St. Pete mayoral race begins to take shape - FOX 13 News

St. Pete mayoral race begins to take shape

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Former St. Petersburg city council member Kathleen Ford Monday launched her third mayoral campaign, in an announcement to supporters with a made-for-politics prop: The St. Pete Pier.

"Certainly, if the city plans to destroy a multimillion dollar asset like the Pier for example, the citizens of St. Petersburg should have a vote," Ford said.

Her position is no surprise: She is the attorney for a group of petitioners known as More than 23,000 registered voters signed the petition, which was subsequently ignored by city council on technical grounds.

The city council's decision was affirmed by a circuit court judge, and Ford is still considering whether to appeal that ruling.

"Of course it's going to be a part of the campaign," Ford acknowledged outside city hall, after filing candidacy paperwork.

However, she also touched on other issues, including the city's problematic red light cameras and the way money is raised and spent.

"There's a feeling from the folks that I've talked to that the citizens are being nickeled and dimed to death," Ford said.

Ford becomes the second strong challenger to incumbent Bill Foster, who defeated her four years ago. Last week, about how the Pier controversy might affect his re-election bid, Foster told FOX 13 News "That's going to have to be up to voters as to whether or not this single issue of the inverted pyramid trumps everything we've done."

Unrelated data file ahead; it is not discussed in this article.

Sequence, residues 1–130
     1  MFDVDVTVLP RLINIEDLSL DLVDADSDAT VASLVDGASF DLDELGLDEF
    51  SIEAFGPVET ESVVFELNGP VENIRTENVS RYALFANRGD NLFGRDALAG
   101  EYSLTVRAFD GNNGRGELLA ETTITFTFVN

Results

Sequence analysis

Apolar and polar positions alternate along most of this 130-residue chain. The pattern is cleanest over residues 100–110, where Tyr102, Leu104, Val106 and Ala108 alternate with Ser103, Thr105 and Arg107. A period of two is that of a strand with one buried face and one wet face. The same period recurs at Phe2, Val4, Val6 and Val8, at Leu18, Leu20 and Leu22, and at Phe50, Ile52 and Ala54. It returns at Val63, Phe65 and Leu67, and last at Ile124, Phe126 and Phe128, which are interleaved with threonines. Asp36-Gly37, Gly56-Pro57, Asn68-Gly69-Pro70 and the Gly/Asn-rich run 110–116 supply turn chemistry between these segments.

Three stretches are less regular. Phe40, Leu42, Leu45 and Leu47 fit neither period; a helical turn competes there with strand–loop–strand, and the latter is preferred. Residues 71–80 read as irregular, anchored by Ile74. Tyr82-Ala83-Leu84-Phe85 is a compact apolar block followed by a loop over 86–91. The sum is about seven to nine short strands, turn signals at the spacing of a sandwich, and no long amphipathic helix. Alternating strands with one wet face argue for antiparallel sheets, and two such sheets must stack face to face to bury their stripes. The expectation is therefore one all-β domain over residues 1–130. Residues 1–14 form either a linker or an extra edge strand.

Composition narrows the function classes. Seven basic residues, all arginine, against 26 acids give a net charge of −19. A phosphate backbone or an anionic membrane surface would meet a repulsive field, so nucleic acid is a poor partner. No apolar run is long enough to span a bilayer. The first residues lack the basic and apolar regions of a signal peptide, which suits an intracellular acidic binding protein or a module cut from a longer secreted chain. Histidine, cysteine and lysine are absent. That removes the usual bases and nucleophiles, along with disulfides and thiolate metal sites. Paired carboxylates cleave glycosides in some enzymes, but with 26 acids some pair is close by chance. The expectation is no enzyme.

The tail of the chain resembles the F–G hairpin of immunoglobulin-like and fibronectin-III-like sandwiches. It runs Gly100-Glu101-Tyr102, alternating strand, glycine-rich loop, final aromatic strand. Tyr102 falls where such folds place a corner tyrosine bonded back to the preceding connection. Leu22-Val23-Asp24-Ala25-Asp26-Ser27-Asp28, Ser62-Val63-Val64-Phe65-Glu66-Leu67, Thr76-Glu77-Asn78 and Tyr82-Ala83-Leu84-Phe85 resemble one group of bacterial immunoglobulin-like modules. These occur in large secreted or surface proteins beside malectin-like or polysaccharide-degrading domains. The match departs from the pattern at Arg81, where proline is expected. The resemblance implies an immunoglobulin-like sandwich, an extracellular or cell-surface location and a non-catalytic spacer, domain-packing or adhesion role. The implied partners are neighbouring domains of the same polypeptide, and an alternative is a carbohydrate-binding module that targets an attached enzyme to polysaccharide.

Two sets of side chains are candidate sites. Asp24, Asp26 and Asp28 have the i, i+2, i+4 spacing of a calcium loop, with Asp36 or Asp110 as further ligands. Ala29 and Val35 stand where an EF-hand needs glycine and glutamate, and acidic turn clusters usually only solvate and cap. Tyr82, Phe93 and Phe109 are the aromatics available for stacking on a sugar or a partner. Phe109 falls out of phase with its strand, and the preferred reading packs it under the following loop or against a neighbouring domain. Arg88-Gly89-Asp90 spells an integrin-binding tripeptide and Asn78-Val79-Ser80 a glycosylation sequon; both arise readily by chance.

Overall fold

He then added "Have I lost sleep? No."

However, Foster may have other vulnerabilities, most notably a lack of support among African Americans. Ford supporter Ray Tampa, former president of the St. Petersburg NAACP, listed several:

  • The firing of Goliath Davis, the black community's liaison to city hall
  • The closing of Midtown's only supermarket
  • Foster's open disdain for Wengay Newton, the only African-American on the city council
  • Complaints about crime and heavy-handed police tactics
  • And Foster's role as county co-chair of Mitt Romney's presidential campaign.

"People are recognizing that Mayor Foster does not represent the interest in the African-American community," Tampa claimed.

Friday, Foster secured endorsements from the unions representing St. Petersburg firefighters and police officers, even though the filing deadline is still two months away.

Former state legislator and city councilman Rick Kriseman is also running for mayor. Assuming no one gets more than 50 percent of the vote in an August primary election, the top two candidates face off in November.

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